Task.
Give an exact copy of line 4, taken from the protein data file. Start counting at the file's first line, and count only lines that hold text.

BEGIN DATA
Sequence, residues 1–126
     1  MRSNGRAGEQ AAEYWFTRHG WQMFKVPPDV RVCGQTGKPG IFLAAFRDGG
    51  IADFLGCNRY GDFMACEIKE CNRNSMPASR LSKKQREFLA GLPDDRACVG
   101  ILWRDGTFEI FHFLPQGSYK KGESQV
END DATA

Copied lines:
   101  ILWRDGTFEI FHFLPQGSYK KGESQV